autumn newsletter

In This Issue:

  • Alzheimer's Disease Biomarkers
  • Drug Discovery Lab Research on ApoE4-Targeted Therapeutics for Alzheimer’s Disease Awarded Oskar Fischer Prize
  • Thank You for Making a Difference!
  • Clinical Trials
  • Upcoming Events

The Mary S. Easton Center for Alzheimer’s Research and Care at UCLA has very active teams working on basic research, drug discovery, biomarkers for early diagnosis and clinical activity including clinical trials, cognitive testing, and patient care. 

Alzheimer’s Disease Biomarkers

Maryam Beigi, M.D.

By: Maryam Beigi, MD

Professor Alois Alzheimer first described Alzheimer’s disease in 1906. He called it “pre-senile dementia” as his case was in a 51-year-old female. Using a contemporary technique called silver staining, Professor Alzheimer was able to see deposits in the brain, that were later called amyloid plaques and neurofibrillary tangles (NFTs). In 1910 his coworker Emil Kraepelin further described the amyloid plaques and NFTs in brain autopsies of patients who had experienced similar symptom. At that time presence of amyloid deposits in the brains of older people was known, but NFTs were new. Professor Kraepelinnamed the disease Alzheimer’s disease in honor of Professor Alzheimer’s achievement.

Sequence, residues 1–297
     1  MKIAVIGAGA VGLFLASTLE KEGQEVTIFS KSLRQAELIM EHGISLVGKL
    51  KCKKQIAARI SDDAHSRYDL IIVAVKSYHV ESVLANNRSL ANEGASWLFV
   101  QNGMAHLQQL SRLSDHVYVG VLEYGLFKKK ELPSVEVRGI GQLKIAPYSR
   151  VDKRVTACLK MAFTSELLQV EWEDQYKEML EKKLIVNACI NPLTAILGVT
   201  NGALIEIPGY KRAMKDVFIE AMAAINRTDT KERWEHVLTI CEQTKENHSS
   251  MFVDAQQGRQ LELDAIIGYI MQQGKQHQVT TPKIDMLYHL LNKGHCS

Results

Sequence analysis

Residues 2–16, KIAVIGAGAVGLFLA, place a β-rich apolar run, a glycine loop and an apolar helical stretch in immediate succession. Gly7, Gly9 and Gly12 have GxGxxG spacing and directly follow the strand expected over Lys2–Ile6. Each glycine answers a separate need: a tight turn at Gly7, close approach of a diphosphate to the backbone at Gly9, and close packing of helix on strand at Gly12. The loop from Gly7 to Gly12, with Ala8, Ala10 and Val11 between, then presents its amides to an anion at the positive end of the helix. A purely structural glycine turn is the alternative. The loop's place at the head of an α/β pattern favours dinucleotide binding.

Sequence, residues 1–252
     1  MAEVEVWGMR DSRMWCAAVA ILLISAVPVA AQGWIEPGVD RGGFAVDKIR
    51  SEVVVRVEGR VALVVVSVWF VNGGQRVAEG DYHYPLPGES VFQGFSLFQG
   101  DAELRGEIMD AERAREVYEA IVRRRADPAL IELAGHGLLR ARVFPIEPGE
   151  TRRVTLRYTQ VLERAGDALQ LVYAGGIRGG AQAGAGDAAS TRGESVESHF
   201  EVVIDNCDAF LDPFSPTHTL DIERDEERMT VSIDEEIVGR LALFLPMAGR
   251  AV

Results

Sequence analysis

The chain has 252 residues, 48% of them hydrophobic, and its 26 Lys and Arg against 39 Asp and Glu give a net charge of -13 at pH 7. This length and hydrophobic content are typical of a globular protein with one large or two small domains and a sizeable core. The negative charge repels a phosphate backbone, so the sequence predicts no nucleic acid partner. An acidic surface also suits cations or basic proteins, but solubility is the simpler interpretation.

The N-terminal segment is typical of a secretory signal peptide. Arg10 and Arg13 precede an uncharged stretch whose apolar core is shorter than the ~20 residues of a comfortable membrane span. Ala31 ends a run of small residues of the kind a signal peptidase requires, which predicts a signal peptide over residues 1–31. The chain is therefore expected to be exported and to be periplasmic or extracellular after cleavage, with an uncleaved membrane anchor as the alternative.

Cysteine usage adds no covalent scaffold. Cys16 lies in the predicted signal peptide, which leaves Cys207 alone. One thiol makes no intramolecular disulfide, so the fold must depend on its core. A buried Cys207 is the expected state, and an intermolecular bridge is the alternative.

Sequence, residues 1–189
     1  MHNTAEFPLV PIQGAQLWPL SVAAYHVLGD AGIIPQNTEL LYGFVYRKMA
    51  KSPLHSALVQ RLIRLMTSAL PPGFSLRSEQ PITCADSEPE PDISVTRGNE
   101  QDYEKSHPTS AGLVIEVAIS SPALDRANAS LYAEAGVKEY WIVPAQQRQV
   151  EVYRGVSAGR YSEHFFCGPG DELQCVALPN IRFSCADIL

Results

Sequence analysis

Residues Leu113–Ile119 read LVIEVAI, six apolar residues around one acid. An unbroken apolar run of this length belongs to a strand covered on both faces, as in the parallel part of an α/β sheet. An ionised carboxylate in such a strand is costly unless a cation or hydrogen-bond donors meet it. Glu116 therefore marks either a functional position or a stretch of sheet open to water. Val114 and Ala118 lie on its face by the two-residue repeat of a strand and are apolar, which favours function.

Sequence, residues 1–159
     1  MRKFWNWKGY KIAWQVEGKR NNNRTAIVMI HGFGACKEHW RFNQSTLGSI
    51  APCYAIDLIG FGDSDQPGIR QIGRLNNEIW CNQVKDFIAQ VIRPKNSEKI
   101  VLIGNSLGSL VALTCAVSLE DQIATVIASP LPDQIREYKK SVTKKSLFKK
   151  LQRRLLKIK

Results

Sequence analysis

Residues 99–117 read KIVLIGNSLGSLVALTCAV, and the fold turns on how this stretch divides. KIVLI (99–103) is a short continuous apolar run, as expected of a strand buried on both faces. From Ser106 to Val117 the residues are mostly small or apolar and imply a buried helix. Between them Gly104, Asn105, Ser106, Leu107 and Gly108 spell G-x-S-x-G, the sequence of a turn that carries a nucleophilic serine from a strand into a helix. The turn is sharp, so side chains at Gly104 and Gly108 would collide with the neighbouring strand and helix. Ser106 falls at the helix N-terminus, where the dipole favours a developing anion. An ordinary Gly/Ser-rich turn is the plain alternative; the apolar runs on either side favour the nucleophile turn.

In 1963 electron microscopy of NFTs in brain biopsies from two patients with advanced Alzheimer’s disease prompted more interest in the study of the disease. Since then, there has been significant progress in diagnosing the disease. Scientists have discovered that amyloid deposits are made up of the protein amyloid-beta and NFTs are composed of tau.

With invention of the CAT Scan and MRI machines, we could see volume loss in the brain, including thinning of the cortex and shrinkage of the hippocampus. This was important because, before that, we could not see these changes prior to death and brain autopsy.

Later, scientists came up with methods to measure the proteins amyloid-beta and tau in the cerebrospinal fluid (CSF) and correlate the concentration of these proteins with the diagnosis of Alzheimer’s disease. Currently, there are three validated and FDA-approved CSF biomarkers of AD: amyloid-beta 42 (Aβ42), total tau (t-tau), and tau phosphorylated at threonine 181 (p-tau). CSF biomarkers are used in clinical practice to diagnose Alzheimer’s diseases with atypical presentations, and are being increasingly used in clinical trials as inclusion criteria and/or outcome measures. 


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